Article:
Ungulates are any members of a diverse group of primarily large mammals that includes odd-toed ungulates such as horses and rhinoceroses, and even-toed ungulates such as cattle, pigs, giraffes, camels, deer, and hippopotamuses. Most terrestrial ungulates use the tips of their toes, usually hoofed, to sustain their whole body weight while moving.
The term means, roughly, "being hoofed" or "hoofed animal". As a descriptive term, "ungulate" normally excludes cetaceans (whales, dolphins, porpoises), as they do not possess most of the typical morphological characteristics of ungulates, but recent discoveries indicate that they are descended from early artiodactyls. Ungulates are typically herbivorous (though some species are omnivorous, such as pigs), and many employ specialized gut bacteria to allow them to digest cellulose, as in the case of ruminants. They inhabit a wide range of habitats, including jungles, plains and rivers.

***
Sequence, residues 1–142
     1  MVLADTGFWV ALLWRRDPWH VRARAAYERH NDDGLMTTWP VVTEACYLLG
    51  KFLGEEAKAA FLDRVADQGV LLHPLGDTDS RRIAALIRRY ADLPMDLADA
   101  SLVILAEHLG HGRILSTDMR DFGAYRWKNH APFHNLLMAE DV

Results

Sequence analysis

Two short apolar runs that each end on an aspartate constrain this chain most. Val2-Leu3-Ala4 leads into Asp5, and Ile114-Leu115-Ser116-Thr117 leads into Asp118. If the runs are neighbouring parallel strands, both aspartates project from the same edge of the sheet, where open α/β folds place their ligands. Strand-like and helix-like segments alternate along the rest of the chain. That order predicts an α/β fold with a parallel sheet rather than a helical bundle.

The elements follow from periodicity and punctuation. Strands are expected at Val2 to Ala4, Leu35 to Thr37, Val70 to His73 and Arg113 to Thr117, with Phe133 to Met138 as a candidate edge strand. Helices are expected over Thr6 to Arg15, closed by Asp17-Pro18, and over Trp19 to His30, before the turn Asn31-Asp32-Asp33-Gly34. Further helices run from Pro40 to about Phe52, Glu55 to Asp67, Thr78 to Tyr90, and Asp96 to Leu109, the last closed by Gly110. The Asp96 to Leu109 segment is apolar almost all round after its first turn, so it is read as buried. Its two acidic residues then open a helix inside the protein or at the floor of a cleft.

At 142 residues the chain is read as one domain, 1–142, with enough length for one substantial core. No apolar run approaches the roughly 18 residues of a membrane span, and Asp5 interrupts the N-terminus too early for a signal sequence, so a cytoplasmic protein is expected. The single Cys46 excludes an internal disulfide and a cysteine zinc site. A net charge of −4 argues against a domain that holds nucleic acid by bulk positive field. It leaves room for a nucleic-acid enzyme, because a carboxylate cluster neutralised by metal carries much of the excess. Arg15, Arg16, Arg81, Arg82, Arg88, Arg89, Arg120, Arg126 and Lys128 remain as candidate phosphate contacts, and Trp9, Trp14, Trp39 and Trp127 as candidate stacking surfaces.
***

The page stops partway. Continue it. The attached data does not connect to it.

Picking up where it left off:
This category has the following 3 subcategories, out of 3 total.